Node Smith, ND
Primary care doctors may be reminding their patients to schedule appointments for routine colorectal cancer screening by colonoscopy before age 50, soon. Fifty has been the age that the American Cancer Society (ACS), and other preventative guideline organizations, have recommended beginning screening for colorectal cancer. However, new data is showing that the increased prevalence of colorectal cancer in younger individuals may warrant moving the initiation of screening forward, to 45 years of age.1
Study recommends screening for colorectal cancer 5 years earlier
The study, published in the journal Cancer, recommends screening for colorectal cancer 5 years earlier – age 45 – for both men and women regardless of race or ethnicity.
This is a considerable change; however, estimates have been made that if everyone followed screening recommendations colorectal cancer could be cut in half.
Estimates have been made that if everyone followed screening recommendations, colorectal cancer could be cut in half
Annually, 140,000 new cases of colorectal cancer are diagnosed, and over 50,000 Americans will die from the disease yearly. Worldwide, about 850,000 will die.
It’s extremely difficult to assume that multiple cohorts of people will start screening for conditions at different ages, and then follow the outcomes from these cohorts. Instead, mathematical models are used to stratify the burden-benefit ratio for beginning general screening at various ages. Two models that are commonly used are SimCRC (a collaboration between the University of Minnesota and Massachusetts General Hospital) and MISCAN (by Memorial Sloan-Kettering in New York City and Erasmus, MC in the Netherlands).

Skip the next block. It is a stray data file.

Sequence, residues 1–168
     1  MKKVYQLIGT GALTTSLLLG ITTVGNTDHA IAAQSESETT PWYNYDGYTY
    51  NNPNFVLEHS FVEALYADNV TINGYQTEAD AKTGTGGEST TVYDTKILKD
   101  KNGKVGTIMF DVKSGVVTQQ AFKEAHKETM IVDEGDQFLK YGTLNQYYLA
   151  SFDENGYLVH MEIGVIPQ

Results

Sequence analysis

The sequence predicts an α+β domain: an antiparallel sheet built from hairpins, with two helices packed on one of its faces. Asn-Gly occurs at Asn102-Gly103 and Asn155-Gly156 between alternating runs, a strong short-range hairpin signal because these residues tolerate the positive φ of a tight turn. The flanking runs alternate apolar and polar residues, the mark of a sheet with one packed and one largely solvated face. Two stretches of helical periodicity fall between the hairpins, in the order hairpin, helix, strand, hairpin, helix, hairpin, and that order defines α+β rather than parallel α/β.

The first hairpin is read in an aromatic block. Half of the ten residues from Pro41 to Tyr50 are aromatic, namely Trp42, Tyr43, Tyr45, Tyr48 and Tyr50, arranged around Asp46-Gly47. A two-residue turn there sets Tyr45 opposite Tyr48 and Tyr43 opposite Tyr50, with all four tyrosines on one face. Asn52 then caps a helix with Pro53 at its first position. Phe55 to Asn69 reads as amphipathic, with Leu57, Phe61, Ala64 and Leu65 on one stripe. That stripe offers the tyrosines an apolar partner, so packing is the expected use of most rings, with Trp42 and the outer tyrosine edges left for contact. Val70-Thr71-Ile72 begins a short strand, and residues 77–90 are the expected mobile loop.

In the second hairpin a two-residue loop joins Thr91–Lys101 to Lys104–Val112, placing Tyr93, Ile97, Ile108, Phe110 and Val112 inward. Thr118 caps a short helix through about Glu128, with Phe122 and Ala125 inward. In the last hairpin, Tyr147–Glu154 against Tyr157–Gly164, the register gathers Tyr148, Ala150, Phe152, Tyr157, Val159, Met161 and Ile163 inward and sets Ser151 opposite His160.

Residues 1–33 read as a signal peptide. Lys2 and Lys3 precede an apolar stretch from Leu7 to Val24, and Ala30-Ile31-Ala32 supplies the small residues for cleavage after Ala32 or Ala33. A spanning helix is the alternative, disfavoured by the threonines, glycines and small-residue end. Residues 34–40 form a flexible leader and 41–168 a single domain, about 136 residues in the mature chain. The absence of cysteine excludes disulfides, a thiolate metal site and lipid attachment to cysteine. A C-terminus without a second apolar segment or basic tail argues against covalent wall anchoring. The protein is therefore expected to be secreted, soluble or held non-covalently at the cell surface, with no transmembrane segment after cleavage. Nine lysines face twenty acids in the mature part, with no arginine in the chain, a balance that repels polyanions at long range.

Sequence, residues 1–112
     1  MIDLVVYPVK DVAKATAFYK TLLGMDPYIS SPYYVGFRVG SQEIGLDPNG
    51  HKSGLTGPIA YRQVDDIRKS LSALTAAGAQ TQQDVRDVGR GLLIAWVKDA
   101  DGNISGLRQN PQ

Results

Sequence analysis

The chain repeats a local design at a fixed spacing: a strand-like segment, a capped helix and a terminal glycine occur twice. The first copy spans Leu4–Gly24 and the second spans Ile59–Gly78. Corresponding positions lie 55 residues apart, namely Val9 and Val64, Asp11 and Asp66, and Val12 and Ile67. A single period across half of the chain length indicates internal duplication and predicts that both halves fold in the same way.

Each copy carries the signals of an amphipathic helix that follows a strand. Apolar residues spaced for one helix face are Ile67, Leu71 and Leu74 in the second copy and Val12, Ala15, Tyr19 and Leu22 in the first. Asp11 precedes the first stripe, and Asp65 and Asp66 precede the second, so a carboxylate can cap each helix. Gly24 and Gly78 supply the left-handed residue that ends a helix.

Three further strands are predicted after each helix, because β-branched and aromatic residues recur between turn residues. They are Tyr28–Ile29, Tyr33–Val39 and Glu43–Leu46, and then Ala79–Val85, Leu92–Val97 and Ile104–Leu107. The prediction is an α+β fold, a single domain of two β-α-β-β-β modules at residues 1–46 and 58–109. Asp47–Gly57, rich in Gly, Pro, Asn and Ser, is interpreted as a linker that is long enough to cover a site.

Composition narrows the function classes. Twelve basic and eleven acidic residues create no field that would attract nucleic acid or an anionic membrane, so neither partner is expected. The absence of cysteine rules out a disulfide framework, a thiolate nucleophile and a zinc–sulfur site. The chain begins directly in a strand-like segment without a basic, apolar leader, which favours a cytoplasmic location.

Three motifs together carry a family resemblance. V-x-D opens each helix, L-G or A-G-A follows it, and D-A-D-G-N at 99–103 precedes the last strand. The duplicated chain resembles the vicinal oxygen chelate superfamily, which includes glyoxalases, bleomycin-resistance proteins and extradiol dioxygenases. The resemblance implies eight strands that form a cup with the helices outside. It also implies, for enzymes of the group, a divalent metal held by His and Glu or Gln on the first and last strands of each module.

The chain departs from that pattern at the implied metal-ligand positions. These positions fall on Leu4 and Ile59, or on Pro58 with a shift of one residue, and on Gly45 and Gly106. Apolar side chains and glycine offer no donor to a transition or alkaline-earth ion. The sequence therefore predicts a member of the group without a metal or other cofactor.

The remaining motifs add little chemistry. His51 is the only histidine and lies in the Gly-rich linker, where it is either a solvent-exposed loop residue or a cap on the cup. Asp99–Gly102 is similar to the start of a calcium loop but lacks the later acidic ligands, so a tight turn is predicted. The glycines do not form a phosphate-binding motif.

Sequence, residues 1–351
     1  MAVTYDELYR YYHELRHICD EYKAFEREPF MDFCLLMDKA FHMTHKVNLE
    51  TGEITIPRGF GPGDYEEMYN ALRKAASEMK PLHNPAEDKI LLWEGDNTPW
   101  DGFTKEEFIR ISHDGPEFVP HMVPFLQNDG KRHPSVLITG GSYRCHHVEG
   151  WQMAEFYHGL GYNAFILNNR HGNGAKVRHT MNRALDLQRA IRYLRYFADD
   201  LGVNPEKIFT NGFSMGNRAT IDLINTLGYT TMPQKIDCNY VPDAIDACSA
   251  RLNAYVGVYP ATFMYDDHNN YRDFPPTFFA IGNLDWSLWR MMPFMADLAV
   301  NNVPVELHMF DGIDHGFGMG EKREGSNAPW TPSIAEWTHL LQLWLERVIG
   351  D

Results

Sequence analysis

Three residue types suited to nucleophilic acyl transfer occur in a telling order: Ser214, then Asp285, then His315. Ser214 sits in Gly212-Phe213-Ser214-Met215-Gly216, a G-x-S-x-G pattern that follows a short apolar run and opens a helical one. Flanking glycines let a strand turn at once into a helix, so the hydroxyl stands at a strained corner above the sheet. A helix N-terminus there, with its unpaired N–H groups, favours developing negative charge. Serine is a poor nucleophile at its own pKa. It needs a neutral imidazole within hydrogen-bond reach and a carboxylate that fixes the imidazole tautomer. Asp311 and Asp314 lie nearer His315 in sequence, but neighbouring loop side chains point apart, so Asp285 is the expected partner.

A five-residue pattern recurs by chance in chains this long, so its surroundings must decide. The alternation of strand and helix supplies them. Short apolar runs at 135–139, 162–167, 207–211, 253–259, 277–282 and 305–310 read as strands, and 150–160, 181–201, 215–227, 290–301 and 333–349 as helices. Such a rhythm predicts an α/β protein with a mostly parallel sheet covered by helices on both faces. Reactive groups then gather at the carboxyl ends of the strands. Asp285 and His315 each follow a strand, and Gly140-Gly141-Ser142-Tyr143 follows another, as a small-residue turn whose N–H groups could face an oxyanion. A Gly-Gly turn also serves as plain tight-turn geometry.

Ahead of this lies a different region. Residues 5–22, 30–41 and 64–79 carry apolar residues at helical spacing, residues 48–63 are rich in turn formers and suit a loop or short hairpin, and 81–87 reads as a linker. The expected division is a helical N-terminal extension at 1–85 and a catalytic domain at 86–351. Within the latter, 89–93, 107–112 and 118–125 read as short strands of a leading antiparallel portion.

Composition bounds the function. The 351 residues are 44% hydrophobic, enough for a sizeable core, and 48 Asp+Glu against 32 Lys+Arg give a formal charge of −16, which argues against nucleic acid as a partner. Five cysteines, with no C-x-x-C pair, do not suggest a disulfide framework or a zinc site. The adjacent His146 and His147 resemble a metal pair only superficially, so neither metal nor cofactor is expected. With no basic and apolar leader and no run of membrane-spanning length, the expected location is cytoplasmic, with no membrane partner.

The current study used the MISCAN model, strategizing ages from 40 to 50 as possible initiation ages for screening, and 75 to 85 as ages to stop screening. The intention was to figure out how many years of life were gained per colonoscopy. The age which was found to have the greatest benefit-to-burden ratio was screening colonoscopy every 10 years beginning at 45 and ending at 75 years.
Why the increase in colorectal cancer at younger ages?
The bigger question, which the authors point out in the study, is why the increase in colorectal cancer at younger ages. Obesity, tobacco and alcohol, do not seem to account for the increase in prevalence, and researchers are beginning to look at sugar, tap water, microbiome and other lifestyle factors. From a holistic perspective it is likely that the widespread impact of “all of the above” factors are at work, and finding a single culprit is doubtful.
- Peterse, E. F., Meester, R. G., Siegel, R. L., et al. (2018), The impact of the rising colorectal cancer incidence in young adults on the optimal age to start screening: Microsimulation analysis I to inform the American Cancer Society colorectal cancer screening guideline. Cancer. . doi:10.1002/cncr.31543
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Node Smith, ND, is a naturopathic physician in Portland, OR and associate editor for NDNR. He has been instrumental in maintaining a firm connection to the philosophy and heritage of naturopathic medicine among the next generation of docs. He helped found the first multi-generational experiential retreat, which brings elders, alumni, and students together for a weekend camp-out where naturopathic medicine and medical philosophy are experienced in nature. Four years ago he helped found the non-profit, Association for Naturopathic ReVitalization (ANR), for which he serves as the board chairman. ANR has a mission to inspire health practitioners to embody the naturopathic principles through experiential education. Node also has a firm belief that the next era of naturopathic medicine will see a resurgence of in-patient facilities which use fasting, earthing, hydrotherapy and homeopathy to bring people back from chronic diseases of modern living; he is involved in numerous conversations and projects to bring about this vision.